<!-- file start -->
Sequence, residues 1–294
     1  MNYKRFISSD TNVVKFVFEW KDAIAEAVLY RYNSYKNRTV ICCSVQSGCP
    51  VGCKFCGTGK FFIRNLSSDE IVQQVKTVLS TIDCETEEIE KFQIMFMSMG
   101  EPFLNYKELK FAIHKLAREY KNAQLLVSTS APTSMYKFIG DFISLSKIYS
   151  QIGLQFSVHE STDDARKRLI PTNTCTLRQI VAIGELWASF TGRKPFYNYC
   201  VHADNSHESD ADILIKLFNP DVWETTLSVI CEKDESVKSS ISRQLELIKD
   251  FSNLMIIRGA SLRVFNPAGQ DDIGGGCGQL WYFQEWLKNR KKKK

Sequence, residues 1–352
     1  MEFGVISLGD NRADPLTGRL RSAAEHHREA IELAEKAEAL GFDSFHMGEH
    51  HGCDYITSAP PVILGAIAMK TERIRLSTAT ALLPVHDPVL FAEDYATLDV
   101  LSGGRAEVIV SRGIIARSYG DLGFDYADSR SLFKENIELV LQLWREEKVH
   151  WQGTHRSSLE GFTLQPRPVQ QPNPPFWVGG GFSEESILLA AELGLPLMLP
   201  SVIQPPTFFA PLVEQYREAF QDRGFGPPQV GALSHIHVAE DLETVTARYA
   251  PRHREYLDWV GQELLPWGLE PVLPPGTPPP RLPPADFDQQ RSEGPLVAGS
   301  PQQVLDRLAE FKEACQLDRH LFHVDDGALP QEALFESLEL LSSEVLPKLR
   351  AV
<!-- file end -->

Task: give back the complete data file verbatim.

Sequence, residues 1–294
     1  MNYKRFISSD TNVVKFVFEW KDAIAEAVLY RYNSYKNRTV ICCSVQSGCP
    51  VGCKFCGTGK FFIRNLSSDE IVQQVKTVLS TIDCETEEIE KFQIMFMSMG
   101  EPFLNYKELK FAIHKLAREY KNAQLLVSTS APTSMYKFIG DFISLSKIYS
   151  QIGLQFSVHE STDDARKRLI PTNTCTLRQI VAIGELWASF TGRKPFYNYC
   201  VHADNSHESD ADILIKLFNP DVWETTLSVI CEKDESVKSS ISRQLELIKD
   251  FSNLMIIRGA SLRVFNPAGQ DDIGGGCGQL WYFQEWLKNR KKKK

Sequence, residues 1–352
     1  MEFGVISLGD NRADPLTGRL RSAAEHHREA IELAEKAEAL GFDSFHMGEH
    51  HGCDYITSAP PVILGAIAMK TERIRLSTAT ALLPVHDPVL FAEDYATLDV
   101  LSGGRAEVIV SRGIIARSYG DLGFDYADSR SLFKENIELV LQLWREEKVH
   151  WQGTHRSSLE GFTLQPRPVQ QPNPPFWVGG GFSEESILLA AELGLPLMLP
   201  SVIQPPTFFA PLVEQYREAF QDRGFGPPQV GALSHIHVAE DLETVTARYA
   251  PRHREYLDWV GQELLPWGLE PVLPPGTPPP RLPPADFDQQ RSEGPLVAGS
   301  PQQVLDRLAE FKEACQLDRH LFHVDDGALP QEALFESLEL LSSEVLPKLR
   351  AV